When, regarding the atrocities of Abu Ghraib, John Burns writes that "America's intentions were betrayed by its troops," he perpetuates the "bad apples" fallacy foisted on the public by the Bush Administration. Abu Ghraib was the inevitable end of high-level policies and attitudes articulated by Attorney General Gonzales when he termed the Geneva Convention "quaint," by Vice President Cheney when he asserted that the United States needed to work "the dark side," and by President Bush when he claimed that Geneva Convention proscriptions against outrages to human dignity were "vague." Certainly, the soldier-torturers of Abu Ghraib are responsible for their actions. But the betrayal of America began at the top and worked its way down.
Well, I'm off to Boston next week to visit Bill, with a stop in Brooklyn to see Patrick Stewart in Macbeth. Check out the video promo here, (don't miss it) and an affectionate Times profile of Stewart here. In it, he makes this memorable observation about acting Shakespeare:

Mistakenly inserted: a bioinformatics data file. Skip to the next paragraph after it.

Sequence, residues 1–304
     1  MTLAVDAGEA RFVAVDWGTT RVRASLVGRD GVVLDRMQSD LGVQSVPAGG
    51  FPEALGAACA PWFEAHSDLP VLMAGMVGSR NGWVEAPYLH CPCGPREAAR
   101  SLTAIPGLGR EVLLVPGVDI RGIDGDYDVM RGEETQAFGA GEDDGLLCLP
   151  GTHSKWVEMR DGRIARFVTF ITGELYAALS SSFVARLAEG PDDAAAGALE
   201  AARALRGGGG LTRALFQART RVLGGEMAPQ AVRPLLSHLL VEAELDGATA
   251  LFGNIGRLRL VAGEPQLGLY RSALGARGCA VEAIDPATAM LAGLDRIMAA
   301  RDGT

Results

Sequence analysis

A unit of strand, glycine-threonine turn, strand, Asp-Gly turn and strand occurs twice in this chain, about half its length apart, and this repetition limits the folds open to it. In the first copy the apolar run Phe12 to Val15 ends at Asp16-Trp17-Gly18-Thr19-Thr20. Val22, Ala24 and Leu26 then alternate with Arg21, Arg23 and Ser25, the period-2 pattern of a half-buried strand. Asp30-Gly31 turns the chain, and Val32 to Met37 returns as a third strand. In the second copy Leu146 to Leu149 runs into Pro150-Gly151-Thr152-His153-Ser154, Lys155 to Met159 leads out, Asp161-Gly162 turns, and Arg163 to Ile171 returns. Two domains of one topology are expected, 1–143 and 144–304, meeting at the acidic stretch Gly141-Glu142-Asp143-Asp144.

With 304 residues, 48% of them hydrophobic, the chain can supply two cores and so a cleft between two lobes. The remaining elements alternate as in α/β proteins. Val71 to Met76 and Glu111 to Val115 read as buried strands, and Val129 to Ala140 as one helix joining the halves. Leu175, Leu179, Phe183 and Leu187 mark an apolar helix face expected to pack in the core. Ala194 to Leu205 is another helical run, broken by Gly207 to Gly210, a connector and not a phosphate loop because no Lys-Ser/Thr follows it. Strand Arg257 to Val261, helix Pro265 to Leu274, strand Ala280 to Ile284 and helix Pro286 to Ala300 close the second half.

“I have this theory that these roles, the really great roles — there are elements of them in all of us. And that is part of the greatness of this dramatist, that he taps into something which is entirely human. You feel him reaching out his hand and saying to you as an actor, ‘Come on, it’s easier than you think.’ ”
Poet and lover-of-crows Premium T. liked the close of the article even more. Let the hurly-burly begin!